Through innovation, LJ Welding has grown from making welding better and faster in Canada’s oil and gas industry to improving the process in many sectors in more than 40 countries around the globe.
The Edmonton-based company develops and manufactures automated and semi-automated welding systems aimed at giving its customers an edge.
“With the use of our products, welding – and overall production – can be sped up by 20 to 50 per cent,” says Ryan Holt, the company’s Chief Operating Officer. “Our systems not only make welding faster, but also make weld quality much higher and reduce the need for re-welds, which are very costly in both time and materials. So our system helps companies stay competitive.”
Since 2006, the company’s revenues have increased more than tenfold and its workforce has grown to 65 employees.
“Welding was just starting to be automated 10 years ago and all our business was local oil and gas,” says Holt. “But as we started to offer our own innovations, pretty soon half our business was in the U.S.”
Expanding into new sectors, ranging from renewable energy to outer space, has bolstered export sales. Today, exports account for the majority of the firm’s revenue with the U.S. being the largest market. The company also has clients in Southeast Asia and South America as well as the Middle East. Among its higher profile jobs LJ Welding helped a client contain the flow of contaminated water from the site of Japan’s damaged Fukushima nuclear plant following the 2011 tsunami.
In 2013, the company took home an Alberta Export Award.
EDC resources to help you export
“Exporting drives our business right now, but we’ve had that as a vision for a long time – long before the economic downturn in Alberta.”
Having an export strategy and following through on that plan has been crucial to the company’s prosperity. “For us, it was important to focus on exporting even when times were good locally,” says Holt. “It was always a tougher path to travel when the easy path was right here (in Alberta). Now that times have changed, we are better for it.”
LJ Welding utilizes innovative marketing to find new customers around the globe, in particular, targeted marketing in specific regions where large construction projects have been announced, such as current pipeline work in Kazakhstan.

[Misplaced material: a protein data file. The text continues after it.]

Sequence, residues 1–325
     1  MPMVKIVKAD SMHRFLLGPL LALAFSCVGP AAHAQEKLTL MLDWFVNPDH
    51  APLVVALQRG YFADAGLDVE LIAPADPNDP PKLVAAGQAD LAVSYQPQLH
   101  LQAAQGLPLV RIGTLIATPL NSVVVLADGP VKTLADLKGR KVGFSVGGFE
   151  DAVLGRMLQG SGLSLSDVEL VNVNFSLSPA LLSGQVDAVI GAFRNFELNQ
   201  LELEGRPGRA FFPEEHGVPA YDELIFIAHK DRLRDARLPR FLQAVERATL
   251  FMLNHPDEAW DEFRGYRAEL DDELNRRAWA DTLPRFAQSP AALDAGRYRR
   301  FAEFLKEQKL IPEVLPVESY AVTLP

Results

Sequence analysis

Doing in business with global markets does pose challenges and offers a few lessons learned, including the importance of managing expectations and protecting your reputation. Holt says a project in Egypt is among the examples that stand out.
“The challenges centered on communication issues and scope creep. We ultimately met and exceeded the customer’s expectations, but we took a beating financially,” he explains. “The lesson learned was make sure communication and expectations are managed thoroughly at the outset of any project, especially with export projects that inherently have more variables. But delivering results and high-integrity trump all other factors, as you cannot fix a broken reputation.”
Holt expects the devalued Canadian dollar will help LJ Welding increase market share south of the border. Looking beyond the 49th parallel, the company plans to focus on Mexico and the Middle East, but is continually developing business opportunities on every continent except Antarctica.
“Global is exciting,” Holt says. “Different cultures, industries and ways of doing things keeps it interesting, and has helped us diversify the business. We look at each export project like a new adventure. It’s a matter of respecting other cultures, being patient and being ready for curve balls – every time.”
When asked to summarize the company’s export journey in one word or phrase, Holt doesn’t hesitate. “Worthwhile,” he says. “Despite frequent headaches, it has helped our business power forward despite big swings in the local economy and helped us become respected on the world stage.”